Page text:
Fawkner grew up in Hobart Town, working various jobs until he fell afoul of the authorities when he innocently assisted some escaping convicts. He ended up being a convict himself!

After doing his time, he moved to Launceston with his lady where they married in 1822. Fawkner was particularly industrious, establishing a bakery, a timber business, a bookshop, a newspaper – The Launceston Advertiser, a nursery and an orchard. And in 1826, he obtained a license to operate the Cornwall Hotel.

It was in the Cornwall Hotel, allegedly, that Fawkner and John Batman sat down over a pint to discuss the possibilities that Port Philip Bay might present to an enterprising pair like themselves!

In April of 1835, John Pascoe Fawkner became a shipowner, with the ‘Enterprize’ to take him and a settling party to explore Port Philip Bay. In May 1835, Batman got the jump and led his party to an area west of the Yarra River. But when Fawkner made ready to leave in August 1835, creditors insisted he settle all debts beforehand, so his boat left without him.

The Enterprize arrived in Port Philip Bay with Captain John Lancey in charge of the expedition, and set down to build their store and grow veggies. They were the first settlers on the site of what became the City of Melbourne.

Fawkner arrived on the next trip of the Enterprize in October of 1835 and he continued his industrious ways. He opened Melbourne’s first hotel on the corner of William St and Flinders Lane.

He published Melbourne’s first newspaper, the ‘Melbourne Advertiser’ in 1838, the first ten editions of which were handwritten in ink. An old printing press was sourced from Hobart and 17 more editions were produced until it was closed down by the Governor because he didn’t have a newspaper license! So in 1839, with a new license, Fawkner published ‘The Port Philip and Melbourne Advertise’.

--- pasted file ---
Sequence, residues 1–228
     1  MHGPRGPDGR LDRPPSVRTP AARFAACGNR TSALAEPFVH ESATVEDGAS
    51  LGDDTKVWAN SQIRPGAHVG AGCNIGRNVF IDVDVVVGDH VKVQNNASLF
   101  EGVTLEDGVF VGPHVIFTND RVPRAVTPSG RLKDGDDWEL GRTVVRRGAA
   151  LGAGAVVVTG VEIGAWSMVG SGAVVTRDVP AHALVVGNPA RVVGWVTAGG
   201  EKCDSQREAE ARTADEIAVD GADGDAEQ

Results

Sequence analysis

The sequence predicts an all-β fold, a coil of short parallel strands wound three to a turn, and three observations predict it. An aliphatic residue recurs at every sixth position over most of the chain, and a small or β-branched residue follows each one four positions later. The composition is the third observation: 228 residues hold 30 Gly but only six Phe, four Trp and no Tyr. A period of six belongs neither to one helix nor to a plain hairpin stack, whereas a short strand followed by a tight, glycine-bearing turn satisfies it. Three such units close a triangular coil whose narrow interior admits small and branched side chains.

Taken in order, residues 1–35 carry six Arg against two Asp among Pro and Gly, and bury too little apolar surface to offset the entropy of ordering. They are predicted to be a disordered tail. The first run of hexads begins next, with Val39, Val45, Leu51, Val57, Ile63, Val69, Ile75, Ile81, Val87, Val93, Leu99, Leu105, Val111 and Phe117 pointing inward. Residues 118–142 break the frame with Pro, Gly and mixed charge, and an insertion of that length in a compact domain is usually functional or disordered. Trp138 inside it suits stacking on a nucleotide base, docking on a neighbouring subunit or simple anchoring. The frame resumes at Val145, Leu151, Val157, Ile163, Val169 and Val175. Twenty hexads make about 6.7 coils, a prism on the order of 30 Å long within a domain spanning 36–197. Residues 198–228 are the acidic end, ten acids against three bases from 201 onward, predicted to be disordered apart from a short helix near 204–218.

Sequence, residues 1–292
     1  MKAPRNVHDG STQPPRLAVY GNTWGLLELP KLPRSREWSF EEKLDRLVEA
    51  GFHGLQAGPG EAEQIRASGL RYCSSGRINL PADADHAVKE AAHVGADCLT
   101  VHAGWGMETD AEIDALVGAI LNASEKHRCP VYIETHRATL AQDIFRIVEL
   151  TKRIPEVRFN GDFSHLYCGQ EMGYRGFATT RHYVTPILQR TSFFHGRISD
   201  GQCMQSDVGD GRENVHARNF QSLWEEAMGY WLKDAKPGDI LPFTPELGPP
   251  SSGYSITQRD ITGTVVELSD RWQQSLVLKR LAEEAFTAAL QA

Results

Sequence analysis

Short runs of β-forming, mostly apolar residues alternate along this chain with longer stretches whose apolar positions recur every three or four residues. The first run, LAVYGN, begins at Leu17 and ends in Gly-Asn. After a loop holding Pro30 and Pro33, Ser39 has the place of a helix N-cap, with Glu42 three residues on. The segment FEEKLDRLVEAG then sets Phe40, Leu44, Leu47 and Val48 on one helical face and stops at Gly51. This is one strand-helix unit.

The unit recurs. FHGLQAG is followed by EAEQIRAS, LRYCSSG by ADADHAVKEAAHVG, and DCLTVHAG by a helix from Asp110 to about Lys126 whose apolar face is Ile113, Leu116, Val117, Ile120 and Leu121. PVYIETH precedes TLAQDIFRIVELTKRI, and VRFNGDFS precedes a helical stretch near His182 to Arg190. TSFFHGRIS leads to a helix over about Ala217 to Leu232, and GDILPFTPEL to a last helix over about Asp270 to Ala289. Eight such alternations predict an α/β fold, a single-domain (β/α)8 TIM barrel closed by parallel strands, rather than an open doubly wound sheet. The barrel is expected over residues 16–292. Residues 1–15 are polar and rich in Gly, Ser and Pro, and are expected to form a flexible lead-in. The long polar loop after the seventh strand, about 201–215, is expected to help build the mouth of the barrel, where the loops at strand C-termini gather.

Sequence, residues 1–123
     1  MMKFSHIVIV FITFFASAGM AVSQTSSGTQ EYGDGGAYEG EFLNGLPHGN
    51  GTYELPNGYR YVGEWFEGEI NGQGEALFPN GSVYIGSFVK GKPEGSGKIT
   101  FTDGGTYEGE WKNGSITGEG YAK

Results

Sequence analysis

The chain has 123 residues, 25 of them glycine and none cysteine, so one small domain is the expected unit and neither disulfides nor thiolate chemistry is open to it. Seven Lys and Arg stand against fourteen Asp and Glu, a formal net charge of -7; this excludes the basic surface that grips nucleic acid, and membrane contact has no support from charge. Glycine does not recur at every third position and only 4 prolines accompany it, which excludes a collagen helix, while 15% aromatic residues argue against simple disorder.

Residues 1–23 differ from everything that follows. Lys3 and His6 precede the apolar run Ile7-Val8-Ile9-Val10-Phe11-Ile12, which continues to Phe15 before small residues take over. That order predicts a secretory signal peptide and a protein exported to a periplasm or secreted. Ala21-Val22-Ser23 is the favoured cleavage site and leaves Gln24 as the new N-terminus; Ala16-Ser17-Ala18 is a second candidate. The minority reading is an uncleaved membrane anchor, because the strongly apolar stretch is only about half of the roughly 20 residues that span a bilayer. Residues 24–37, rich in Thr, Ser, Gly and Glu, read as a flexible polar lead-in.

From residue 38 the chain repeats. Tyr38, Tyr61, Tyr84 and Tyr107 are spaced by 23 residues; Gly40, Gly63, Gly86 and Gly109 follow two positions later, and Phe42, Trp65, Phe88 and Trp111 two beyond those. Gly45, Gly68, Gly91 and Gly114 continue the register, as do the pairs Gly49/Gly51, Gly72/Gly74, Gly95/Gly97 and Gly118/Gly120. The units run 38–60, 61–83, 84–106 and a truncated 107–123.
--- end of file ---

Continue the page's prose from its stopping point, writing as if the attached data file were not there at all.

John Pascoe Fawkner also served in office – as a Market Commissioner, and in 1851 as a Victorian Legislative Councillor, a seat he held til he died in 1869, aged 77.

He was the grand old man of the Colony and was given a state funeral.

In another irony, Batman was originally buried in the old Melbourne Cemetery, but was exhumed and re-buried in the Fawkner Cemetery, named after his adversary.

So who was the first to settle Port Philip Bay? John Batman? John Pascoe Fawkner? Or should credit go the Captain Lancey and crew of the Enterprize, after all, they did set up camp where Melbourne is now.

As mentioned above, when John Batman and party returned to Port Philip Bay after his initial exploration and treaty signing, he returned to find Fawkner’s settlers already in place, he was quoted as saying there is more than enough room for everyone.

When you come to Launceston, the Cornwall Hotel is now The Batman Fawkner Hotel and Backpackers, but Macquarie House, where both settling parties were equipped with food and stores are here for your Kodak moments.

Cheers :)

The Old Cornwall Hotel of the early 1800s


The Cornwall Hotel today!